Vocabulary 04 - Binomial Expressions 1
You might be wondering what binomial expressions
, a term used in mathematics, is doing in an English quiz! One of the dictionary meanings of binomial is ‘referring to two names or terms’
. Binomial expressions (or pairs) consist of two words that are joined by a conjunction such as and
Some examples of binomial expressions are 'black and blue', 'hand to mouth'
and 'now or never'
. Binomial expressions have characteristics that are unique to them. Generally, the order of the words is always maintained. For example, when the order of the words in 'HAND to MOUTH' is changed to 'MOUTH to HAND' it does not sound appropriate does it? Similarly, the expression 'NEVER or NOW 'looks quite odd but 'NOW or NEVER' seems right. Even the conjunction used is unique to that pair. You do not see an expression such as 'BLACK for BLUE'.
There are other binomial pairs, such as 'bit by bit', 'one to one' and 'side by side', where the same word is used twice to make the emphasis stronger. Binomial expressions are so powerful that they help the writer or speaker to forcefully put forth his views using the utmost economy of words. Sometimes when a whole paragraph cannot convincingly put forth a view point a carefully chosen binomial expression can get the job done. If you want to describe two persons who are diametrically opposite of one another you could do so by listing out their characteristics in a long paragraph or you could simply say ‘they are as different as chalk and cheese’.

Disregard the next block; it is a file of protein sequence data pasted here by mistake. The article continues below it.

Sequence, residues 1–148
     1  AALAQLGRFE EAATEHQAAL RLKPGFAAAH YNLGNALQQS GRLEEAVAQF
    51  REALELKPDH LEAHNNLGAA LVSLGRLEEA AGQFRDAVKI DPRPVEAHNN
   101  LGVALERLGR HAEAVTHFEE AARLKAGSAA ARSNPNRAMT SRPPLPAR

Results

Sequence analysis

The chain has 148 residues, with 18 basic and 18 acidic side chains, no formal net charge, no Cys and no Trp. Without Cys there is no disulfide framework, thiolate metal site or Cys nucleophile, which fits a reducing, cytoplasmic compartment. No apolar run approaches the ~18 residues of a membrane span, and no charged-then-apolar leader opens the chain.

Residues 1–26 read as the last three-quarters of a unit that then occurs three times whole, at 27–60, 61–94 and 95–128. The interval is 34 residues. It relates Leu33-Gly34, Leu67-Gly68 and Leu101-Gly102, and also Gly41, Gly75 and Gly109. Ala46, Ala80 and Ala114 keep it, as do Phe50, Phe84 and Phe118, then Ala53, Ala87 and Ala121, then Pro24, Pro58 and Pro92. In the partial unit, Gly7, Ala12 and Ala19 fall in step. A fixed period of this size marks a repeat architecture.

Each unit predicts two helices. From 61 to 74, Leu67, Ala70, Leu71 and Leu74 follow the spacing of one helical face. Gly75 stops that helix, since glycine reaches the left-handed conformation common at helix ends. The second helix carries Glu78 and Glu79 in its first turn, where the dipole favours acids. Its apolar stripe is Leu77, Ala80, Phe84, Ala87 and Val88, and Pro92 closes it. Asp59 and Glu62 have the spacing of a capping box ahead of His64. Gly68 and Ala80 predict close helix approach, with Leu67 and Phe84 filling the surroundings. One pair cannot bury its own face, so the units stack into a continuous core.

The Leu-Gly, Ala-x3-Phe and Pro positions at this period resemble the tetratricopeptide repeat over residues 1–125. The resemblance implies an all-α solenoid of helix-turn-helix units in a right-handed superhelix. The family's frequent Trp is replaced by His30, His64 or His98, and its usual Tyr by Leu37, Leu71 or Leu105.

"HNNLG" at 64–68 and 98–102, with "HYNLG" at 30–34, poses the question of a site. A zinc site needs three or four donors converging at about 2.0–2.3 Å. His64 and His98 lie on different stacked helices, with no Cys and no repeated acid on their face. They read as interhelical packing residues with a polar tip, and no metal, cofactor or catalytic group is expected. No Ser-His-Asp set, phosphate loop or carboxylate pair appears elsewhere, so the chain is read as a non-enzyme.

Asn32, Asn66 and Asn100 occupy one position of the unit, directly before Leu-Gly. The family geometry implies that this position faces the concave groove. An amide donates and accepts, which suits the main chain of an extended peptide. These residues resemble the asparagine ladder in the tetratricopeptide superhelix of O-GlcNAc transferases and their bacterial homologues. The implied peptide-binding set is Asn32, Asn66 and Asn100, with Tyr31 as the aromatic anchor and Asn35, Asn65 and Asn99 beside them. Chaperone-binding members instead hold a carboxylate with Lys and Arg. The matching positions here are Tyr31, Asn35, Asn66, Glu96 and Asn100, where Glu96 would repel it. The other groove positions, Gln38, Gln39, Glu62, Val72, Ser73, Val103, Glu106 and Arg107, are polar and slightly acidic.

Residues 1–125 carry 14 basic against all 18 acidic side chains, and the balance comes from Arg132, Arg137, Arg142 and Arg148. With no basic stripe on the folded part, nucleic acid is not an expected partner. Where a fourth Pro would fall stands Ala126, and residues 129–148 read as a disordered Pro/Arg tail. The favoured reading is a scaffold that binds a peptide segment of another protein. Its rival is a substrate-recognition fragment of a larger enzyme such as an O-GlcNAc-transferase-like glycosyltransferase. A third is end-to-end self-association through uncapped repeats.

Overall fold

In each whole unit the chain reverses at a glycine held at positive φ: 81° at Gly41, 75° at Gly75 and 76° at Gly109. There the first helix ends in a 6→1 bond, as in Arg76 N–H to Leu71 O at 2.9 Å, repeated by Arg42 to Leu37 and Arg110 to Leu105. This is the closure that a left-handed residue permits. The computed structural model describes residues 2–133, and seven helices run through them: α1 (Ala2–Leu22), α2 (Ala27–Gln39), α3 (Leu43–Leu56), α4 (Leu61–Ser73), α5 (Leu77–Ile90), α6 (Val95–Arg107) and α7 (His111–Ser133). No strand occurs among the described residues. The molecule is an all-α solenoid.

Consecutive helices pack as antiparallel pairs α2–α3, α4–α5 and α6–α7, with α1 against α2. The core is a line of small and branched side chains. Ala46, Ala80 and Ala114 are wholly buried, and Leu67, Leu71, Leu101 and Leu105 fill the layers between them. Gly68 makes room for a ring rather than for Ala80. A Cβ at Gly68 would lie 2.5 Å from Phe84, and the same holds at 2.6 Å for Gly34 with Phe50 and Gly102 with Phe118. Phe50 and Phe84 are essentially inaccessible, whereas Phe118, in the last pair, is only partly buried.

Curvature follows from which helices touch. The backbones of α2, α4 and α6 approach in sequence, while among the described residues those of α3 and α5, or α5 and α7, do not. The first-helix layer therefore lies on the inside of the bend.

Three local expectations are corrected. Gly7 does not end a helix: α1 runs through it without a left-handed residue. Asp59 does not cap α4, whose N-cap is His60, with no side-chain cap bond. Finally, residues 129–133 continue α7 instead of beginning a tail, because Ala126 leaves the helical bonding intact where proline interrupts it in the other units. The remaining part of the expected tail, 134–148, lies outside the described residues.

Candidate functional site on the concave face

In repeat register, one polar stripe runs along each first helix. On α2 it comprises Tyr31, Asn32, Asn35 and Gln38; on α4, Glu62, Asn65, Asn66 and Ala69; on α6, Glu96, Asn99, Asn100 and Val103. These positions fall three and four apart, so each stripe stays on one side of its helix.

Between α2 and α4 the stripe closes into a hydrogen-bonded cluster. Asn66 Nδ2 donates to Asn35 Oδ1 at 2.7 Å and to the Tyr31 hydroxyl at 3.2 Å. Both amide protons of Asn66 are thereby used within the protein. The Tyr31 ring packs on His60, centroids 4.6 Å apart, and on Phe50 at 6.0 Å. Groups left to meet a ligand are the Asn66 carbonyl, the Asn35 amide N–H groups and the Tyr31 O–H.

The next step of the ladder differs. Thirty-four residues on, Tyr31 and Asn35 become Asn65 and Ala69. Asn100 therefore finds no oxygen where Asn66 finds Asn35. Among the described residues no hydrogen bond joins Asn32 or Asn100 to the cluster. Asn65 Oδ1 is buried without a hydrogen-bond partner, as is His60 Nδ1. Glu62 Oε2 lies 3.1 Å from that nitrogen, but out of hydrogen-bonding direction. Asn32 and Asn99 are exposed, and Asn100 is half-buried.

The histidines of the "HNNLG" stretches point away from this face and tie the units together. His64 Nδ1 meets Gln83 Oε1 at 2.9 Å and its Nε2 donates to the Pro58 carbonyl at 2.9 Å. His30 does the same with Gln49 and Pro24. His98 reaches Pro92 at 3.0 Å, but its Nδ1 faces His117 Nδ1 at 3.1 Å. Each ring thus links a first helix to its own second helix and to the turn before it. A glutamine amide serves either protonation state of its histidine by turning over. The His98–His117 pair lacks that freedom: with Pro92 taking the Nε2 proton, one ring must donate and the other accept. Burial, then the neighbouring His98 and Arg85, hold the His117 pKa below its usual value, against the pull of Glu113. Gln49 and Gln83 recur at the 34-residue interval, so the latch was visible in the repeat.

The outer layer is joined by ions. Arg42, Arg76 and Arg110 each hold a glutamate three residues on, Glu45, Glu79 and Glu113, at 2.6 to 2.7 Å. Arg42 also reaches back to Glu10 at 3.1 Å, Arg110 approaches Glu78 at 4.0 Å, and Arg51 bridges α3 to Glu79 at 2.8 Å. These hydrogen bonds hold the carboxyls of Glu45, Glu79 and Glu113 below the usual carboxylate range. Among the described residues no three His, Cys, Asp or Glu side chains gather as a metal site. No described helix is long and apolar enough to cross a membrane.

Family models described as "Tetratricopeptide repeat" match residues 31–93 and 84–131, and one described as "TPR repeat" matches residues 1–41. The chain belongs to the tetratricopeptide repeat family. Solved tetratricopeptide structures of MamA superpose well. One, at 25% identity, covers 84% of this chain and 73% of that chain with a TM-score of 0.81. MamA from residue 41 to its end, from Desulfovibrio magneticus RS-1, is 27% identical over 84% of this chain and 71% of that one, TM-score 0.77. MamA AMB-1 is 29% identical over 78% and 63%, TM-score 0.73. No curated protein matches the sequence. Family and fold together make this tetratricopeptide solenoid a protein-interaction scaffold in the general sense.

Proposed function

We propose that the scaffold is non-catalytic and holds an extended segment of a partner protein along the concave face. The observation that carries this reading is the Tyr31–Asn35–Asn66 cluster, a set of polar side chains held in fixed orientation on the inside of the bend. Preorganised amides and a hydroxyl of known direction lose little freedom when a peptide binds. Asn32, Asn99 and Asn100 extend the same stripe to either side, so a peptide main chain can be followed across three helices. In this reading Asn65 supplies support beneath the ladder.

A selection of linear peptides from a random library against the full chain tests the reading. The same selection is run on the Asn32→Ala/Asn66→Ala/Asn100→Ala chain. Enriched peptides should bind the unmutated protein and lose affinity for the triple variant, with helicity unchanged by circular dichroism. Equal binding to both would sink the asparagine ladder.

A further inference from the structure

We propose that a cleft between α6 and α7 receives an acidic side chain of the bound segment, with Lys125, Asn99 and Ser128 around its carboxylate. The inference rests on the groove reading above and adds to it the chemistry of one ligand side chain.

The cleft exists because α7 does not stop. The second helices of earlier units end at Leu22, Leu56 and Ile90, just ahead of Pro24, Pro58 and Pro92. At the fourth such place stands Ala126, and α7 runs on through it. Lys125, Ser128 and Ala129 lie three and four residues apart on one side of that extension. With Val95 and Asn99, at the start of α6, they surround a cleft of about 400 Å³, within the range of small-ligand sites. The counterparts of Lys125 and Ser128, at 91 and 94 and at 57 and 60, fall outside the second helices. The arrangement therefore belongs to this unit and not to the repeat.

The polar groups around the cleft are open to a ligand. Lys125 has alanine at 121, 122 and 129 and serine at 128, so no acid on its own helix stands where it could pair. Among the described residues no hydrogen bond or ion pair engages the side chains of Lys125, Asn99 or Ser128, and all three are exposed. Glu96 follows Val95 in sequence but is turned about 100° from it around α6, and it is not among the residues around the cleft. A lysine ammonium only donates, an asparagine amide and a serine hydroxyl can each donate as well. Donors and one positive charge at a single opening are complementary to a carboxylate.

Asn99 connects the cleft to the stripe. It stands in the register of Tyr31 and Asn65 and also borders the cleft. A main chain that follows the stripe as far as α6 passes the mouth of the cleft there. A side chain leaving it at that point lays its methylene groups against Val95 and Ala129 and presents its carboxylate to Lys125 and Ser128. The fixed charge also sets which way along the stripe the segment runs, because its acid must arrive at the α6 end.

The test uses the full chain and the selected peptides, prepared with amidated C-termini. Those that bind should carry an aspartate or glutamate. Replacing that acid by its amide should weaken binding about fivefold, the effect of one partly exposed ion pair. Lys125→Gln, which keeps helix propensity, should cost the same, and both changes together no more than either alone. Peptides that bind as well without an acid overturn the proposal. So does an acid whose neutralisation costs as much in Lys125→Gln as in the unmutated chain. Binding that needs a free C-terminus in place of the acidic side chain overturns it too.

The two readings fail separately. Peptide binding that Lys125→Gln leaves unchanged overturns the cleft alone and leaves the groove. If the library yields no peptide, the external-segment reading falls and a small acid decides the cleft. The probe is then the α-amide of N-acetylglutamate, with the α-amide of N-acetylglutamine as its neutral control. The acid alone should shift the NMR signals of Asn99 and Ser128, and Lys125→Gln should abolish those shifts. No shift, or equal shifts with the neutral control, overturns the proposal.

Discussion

Binomial pairs are a boon to any writer or speaker. You should familiarise yourselves with as many pairs as possible and the quiz that follows helps you to do just that.